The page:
What is it about?

There is an ongoing debate about whether gender equality in education has been achieved or not. However, there is not systematic research on gender differences in higher education, and few studies refer to distance education. We observe that adult outcomes differ from young outcomes in higher education and gender equality is far from achieved. This article presents a gender analysis of educational outcomes in economics at Spain’s leading distance university, UNED, which is also the largest university in the European Union in terms of enrolment. The COVID-19 lockdowns provided a social experiment where structural conditions were changed for men and women. This helps to understands the probable causes of changes in gender gap found. Before and after, women underperformed significantly in terms of passing and scoring, especially among those between 30 and 45 years of age, who are more likely to have young children. Both the distribution of family tasks biased against women and the higher average age of distance learning university students can explain that gender gaps are greater in nonface-to-face education. During the COVID-19 hard lockdown period the gender gap narrowed, as some men and women staying at home together were able to improve task sharing capabilities. After the lockdown, however, women’s results worsened compared to pre-COVID-19 levels. They continued performing the same family duties in addition to substituting education and caring services (e.g., nurseries and day centres for the elderly) that did not resume activity immediately or continuously, while men come back to regular work out home.

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Why is it important?

The degree of sharing care and household responsibilities and tasks between men and women impact on all the activities in adult life. Thus, how men and women share care also impacts on higher education outcomes, equally as it impacts on their labour market position or the presence and conditions in fields as politics, social life or leisure. COVID19 lockdowns provided a social experiment. And data shows that if people don´t have access to educational and care services, there is a negative gender impact. When men are more present at home, they get more involved in home activities and this has a positive gender impact. Women assume most care and households which are not cover by other agents: men, public sector or organisations. This evidence provided by high education field gives relevant insights for public policies in general. Structural changes which affect how care is sharing in society has gender impacts across spheres of adults, no matter that they were unforeseen, as this case is. COVID19 hard and soft lockdowns changed structural conditions and men and women behaviours changed rapidly in one and other sense.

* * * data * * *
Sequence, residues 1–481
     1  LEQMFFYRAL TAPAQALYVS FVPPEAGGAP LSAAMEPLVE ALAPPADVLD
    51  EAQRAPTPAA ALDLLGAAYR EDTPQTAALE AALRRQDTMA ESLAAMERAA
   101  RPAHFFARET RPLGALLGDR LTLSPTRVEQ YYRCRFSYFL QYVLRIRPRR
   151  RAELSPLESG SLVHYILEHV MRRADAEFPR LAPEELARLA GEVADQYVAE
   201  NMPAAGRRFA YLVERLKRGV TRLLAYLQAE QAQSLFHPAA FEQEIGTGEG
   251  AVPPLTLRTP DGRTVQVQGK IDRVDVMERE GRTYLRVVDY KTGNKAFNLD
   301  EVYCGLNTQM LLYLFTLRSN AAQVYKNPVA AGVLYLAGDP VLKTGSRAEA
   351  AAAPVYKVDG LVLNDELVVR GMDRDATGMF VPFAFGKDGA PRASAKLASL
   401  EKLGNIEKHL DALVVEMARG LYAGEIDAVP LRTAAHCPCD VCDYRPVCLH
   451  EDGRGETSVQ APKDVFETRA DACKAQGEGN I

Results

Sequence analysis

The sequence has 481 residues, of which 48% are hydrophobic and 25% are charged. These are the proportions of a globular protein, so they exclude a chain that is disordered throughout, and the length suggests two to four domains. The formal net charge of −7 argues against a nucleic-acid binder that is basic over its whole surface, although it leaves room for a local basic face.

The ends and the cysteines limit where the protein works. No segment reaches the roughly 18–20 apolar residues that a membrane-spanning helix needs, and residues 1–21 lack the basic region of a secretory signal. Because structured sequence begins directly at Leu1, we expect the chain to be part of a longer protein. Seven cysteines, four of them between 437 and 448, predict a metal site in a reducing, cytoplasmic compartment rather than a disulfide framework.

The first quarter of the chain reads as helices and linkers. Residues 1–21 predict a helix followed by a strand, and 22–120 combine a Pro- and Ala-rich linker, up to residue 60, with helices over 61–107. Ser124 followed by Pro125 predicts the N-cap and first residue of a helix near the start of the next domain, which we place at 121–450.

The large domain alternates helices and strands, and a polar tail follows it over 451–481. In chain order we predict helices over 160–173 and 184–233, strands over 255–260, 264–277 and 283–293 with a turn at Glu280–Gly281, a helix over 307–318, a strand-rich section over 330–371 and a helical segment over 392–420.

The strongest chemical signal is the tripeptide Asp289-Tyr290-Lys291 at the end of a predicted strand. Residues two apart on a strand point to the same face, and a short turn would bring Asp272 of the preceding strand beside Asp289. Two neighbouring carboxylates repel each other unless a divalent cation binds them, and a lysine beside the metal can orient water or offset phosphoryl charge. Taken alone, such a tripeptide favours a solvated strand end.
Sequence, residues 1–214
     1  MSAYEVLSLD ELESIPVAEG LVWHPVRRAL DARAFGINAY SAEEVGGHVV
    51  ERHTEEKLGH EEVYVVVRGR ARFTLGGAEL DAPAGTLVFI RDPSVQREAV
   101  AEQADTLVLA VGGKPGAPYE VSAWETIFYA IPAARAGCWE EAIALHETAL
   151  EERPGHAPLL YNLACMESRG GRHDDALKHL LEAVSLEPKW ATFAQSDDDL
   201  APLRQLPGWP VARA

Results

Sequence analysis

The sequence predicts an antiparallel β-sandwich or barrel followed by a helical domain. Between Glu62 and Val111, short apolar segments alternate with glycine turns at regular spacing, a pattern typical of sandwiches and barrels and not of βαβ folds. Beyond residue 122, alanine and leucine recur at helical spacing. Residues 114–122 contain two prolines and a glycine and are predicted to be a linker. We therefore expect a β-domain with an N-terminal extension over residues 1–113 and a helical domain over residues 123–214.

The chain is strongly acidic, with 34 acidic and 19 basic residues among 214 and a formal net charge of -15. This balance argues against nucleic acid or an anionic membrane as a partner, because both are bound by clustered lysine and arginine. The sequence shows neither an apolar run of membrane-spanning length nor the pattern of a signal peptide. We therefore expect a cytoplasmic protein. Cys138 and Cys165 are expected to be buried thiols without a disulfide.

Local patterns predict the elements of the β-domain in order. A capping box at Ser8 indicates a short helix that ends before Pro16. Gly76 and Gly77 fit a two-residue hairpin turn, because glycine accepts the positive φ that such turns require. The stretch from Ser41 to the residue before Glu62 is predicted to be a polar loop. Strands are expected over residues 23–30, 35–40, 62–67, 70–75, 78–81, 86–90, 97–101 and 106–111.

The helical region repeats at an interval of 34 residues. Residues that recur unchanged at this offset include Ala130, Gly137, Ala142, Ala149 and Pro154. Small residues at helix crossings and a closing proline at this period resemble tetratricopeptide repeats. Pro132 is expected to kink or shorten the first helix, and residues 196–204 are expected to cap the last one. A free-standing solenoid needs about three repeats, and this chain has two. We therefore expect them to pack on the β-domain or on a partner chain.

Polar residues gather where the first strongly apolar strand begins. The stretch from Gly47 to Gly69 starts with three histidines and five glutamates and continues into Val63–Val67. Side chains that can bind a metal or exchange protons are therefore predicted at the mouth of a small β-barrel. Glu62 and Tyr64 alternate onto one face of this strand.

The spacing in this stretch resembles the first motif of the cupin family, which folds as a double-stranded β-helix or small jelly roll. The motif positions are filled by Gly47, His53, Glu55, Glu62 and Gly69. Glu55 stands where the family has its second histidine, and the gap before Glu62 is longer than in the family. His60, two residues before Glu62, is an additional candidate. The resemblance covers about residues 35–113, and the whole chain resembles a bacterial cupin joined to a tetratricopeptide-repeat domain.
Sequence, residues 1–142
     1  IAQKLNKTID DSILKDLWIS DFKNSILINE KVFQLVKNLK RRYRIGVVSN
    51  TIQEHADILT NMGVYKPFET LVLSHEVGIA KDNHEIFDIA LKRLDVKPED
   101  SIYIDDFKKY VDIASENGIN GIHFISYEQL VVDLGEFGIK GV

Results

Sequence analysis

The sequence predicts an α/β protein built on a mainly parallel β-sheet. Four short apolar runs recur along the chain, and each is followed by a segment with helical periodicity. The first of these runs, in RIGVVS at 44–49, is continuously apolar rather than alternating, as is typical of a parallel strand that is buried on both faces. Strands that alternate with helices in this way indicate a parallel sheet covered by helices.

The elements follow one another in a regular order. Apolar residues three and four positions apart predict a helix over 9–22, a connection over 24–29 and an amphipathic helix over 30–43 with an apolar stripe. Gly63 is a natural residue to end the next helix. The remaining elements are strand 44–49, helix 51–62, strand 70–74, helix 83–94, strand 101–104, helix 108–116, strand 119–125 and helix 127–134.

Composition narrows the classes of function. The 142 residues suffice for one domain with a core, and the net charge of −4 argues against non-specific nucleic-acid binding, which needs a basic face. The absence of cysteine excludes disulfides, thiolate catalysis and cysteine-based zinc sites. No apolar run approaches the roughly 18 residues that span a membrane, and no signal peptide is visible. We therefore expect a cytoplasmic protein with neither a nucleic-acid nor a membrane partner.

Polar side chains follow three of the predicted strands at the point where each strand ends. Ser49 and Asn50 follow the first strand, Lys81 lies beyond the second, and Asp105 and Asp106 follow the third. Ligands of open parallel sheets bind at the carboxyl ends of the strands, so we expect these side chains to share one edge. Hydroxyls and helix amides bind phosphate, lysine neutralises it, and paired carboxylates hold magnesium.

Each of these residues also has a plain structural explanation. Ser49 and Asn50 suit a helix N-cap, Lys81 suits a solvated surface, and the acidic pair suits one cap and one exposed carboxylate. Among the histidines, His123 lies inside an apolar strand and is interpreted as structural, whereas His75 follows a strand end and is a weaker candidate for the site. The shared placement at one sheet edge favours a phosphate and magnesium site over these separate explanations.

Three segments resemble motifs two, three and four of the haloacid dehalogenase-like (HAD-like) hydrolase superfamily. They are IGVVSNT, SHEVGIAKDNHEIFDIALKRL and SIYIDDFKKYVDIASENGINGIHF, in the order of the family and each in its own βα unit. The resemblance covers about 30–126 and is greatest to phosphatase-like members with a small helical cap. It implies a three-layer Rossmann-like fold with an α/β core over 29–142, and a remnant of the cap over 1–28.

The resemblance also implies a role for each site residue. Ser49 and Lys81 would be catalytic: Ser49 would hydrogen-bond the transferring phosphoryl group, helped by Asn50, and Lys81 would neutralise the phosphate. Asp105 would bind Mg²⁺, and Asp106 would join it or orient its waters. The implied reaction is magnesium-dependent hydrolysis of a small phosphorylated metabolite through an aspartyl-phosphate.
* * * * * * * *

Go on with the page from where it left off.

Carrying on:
We found results we were not looking for. Gender equality in education is more advanced than in other fields. However, as UNED students are mainly adults, we found the same core problem: how men and women deal with care impact on the rest of their responsibilities. Until men get involved into care on a massive scale and similarly to women, there will be no equality in adult education, just as there is no equality in the labour market. We expected to find that online exams improved results, but once people could move again, the improvement in results was not maintained although exams kept online for a while. We were looking for educational causes, related to changes we made to adapt to COVID-19 conditions but we found more structural causes: the gender division of work impacts everywhere.

Cristina Castellanos Serrano
Universidad Nacional de Educacion a Distancia

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This page is a summary of: What is behind the gender gap in economics distance education: Age, work-life balance and COVID-19, PLoS ONE, August 2022, PLOS, DOI: 10.1371/journal.pone.0272341.
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